Just about two years ago, Microsoft made its first foray
into the world of real time strategy games with Age of Empires.
Received with open arms by the masses, AOE quickly became a
best seller and, in addition to a decent single player game, a huge
multiplayer following arose to become the Zone’s (Microsoft’s
online gaming network) biggest game. With the huge success of
AOE, Microsoft sent Ensemble back into development to work on a
sequel. The sequel would propel Age of Empires out of the Stone
Age and into the medieval times. The Age of Kings is finally here
and war will be waged once again across the boundaries of the
Yes Age of Kings follows the ideas of the original. Gather
your resources, build up a city, build an army, and make
technology advancements, all in an effort to destroy your enemy.
While AOE wasn’t a particularly original real-time strategy, it was
well designed and the general layout made it succeed. AOE2
follows an identical layout which is integrated smoothly into the game.
AOE2 uses campaign style play, which allows you to
become one of the more famous commanders of the medieval
time period. The five campaigns consist of William Wallace, Joan
of Arc, Saladin, Genghis Kahn, and Barbarossa. AOE2 has a little
more attention paid to the detail of the campaign backgrounds.
There are pre-planned events that happen within the game world
that help spice up the feeling of involvement in the game. There
are also a handful of special characters that like to add comments
about your progress as the game goes along.
In addition to the campaign, there are quite a few other
gameplay options. The standard Deathmatch is available, along
with a game called Regicide, where you must kill your opponent’s
king while keeping your own alive. In addition, you can setup
games with your own rules to play against the computer.
AOE2 also adds a scenario and campaign designer, so if
the regular missions aren’t enough, you have ample resources to
make your own. Whatever you create can also be used for
multiplayer missions as well, giving AOE2 a lot of room for
expansion. A solid following will help to keep AOE2 fresh even as
the average player beats what maps come with game because
they can always go out and download more from the Internet.
AOE was a well-created world with artistic details taken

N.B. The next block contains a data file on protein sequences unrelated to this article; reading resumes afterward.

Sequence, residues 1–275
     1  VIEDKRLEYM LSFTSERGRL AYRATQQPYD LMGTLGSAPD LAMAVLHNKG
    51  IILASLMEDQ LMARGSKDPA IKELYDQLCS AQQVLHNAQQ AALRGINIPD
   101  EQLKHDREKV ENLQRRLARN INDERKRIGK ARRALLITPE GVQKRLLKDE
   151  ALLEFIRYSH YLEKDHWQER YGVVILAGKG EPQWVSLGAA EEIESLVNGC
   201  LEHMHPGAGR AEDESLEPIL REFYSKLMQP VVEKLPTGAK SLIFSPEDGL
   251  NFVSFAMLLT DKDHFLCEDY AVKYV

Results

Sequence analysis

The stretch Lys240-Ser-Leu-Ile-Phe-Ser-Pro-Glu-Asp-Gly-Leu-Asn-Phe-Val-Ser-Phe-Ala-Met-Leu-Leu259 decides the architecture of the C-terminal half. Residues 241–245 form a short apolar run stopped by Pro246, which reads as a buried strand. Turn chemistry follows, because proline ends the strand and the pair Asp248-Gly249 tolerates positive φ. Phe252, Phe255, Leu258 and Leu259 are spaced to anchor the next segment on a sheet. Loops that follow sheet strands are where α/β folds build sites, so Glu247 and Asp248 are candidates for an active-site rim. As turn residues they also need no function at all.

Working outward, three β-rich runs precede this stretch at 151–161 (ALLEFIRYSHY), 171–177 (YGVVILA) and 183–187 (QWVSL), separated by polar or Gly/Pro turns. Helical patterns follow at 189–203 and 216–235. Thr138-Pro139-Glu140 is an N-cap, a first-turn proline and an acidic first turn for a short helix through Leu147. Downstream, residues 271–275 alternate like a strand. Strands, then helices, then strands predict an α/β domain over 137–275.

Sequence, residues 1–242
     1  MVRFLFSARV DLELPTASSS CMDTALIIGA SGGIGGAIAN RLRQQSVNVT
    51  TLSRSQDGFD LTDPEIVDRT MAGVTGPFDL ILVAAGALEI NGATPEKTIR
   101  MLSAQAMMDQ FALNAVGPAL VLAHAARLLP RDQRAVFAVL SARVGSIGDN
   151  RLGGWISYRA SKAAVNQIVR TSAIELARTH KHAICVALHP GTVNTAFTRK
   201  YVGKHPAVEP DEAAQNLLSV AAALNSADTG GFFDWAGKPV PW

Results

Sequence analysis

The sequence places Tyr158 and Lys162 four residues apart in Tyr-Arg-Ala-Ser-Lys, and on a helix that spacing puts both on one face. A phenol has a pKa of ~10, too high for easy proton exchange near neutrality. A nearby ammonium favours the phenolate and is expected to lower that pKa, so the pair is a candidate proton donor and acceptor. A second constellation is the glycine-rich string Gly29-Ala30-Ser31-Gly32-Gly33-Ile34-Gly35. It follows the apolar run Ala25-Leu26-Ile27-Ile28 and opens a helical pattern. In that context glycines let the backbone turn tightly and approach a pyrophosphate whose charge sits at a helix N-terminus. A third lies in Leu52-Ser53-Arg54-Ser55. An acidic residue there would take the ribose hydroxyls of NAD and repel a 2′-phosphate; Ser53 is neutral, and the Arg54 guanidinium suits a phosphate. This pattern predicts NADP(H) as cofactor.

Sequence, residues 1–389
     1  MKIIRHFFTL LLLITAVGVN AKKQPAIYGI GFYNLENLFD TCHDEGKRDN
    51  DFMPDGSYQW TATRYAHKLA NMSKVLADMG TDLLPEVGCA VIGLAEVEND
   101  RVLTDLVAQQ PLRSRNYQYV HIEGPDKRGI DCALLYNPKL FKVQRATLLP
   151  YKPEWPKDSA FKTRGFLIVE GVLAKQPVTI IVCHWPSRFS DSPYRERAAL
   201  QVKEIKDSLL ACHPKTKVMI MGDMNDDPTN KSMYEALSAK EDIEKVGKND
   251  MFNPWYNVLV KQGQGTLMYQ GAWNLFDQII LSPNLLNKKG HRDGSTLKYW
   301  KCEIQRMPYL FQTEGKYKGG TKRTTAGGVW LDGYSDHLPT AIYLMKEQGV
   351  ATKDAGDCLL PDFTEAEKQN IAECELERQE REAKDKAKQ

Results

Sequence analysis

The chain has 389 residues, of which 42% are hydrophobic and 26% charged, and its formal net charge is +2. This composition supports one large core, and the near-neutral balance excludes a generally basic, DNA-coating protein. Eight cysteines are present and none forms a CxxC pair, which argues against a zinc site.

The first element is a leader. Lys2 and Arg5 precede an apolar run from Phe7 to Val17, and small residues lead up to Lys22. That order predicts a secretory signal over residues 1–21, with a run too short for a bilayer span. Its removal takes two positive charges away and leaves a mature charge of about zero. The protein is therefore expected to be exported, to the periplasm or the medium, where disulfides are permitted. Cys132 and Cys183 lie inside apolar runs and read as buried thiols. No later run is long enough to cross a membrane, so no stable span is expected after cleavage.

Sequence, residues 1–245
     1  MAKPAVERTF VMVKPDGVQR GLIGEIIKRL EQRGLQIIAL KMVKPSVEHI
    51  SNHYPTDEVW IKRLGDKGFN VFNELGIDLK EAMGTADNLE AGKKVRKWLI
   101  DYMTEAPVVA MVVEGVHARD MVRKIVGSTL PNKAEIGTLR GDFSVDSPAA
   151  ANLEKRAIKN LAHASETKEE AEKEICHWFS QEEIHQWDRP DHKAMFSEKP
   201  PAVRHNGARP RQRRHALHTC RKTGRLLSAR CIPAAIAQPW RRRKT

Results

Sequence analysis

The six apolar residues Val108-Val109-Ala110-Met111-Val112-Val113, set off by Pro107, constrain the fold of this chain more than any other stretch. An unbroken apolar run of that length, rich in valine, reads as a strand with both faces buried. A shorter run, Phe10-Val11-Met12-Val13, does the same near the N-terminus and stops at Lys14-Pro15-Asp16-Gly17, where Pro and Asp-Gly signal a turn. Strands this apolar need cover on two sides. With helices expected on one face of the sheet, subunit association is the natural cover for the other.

with most of the aspects of the game. Graphically AOE2 improves
on what AOE1 had. Terrain detail has been greatly improved. It’s
actually true 3D, so you’re treated to nice rolling hills and what
not. The actual unit graphics and buildings are along the same
quality as AOE1, but the animation is better and the units
themselves are a little better. Some of the graphics do seem to be
leftovers from AOE1 like the burning animation. I’d prefer to see
actual damage to the buildings instead of just the growing flames.
It also goes for the construction of the building phase. A little more
gradual transition would be nicer; three frames of graphics seem a
little bland. It supports high resolutions, but these make the screen
size bigger, not making the detail better. All in all, the graphics
are better, I was expecting a little more but nonetheless, the
quality is up to par.
The audio score isn’t that much of an improvement from
AOE1 either, but that’s hardly a bad thing. The sound effects do
have locational positioning, so depending on where on the map
something is, you’ll hear what’s going on where. Music is also
relatively decent; Microsoft moved away from the MIDI soundtrack
and replaced it with some higher quality CD audio.
Multiplayer was an excellent feature in AOE1 and made
it one of the most popular games on the Internet and by far the
most popular on Microsoft’s own online service, The Zone. All of
the game options, aside from the campaign, are available in
multiplayer. Features like teamplay, capture the artifact, and
standard deathmatch, as well as the ability to use user-designed
maps, are all included in the multiplayer.
Ensemble has followed up an impressive original with a
strong sequel. While Age of Kings is not an overwhelming
improvement over its predecessor, it does live up to most of the
expectations I had for it. The campaigns are much more fulfilling
and there’s a greater sense of accomplishment upon completion of
missions in AOE2. I’m sure we’ll see some quality addons put out
for AOE2 down the road to even more so enhance the game.
Summary: It’s not a significant improvement as far as gameplay
and graphics, but it does help further the claim of AOE as a solid
gaming title and a quality multiplayer game. The originality may
be gone, but the idea lives on.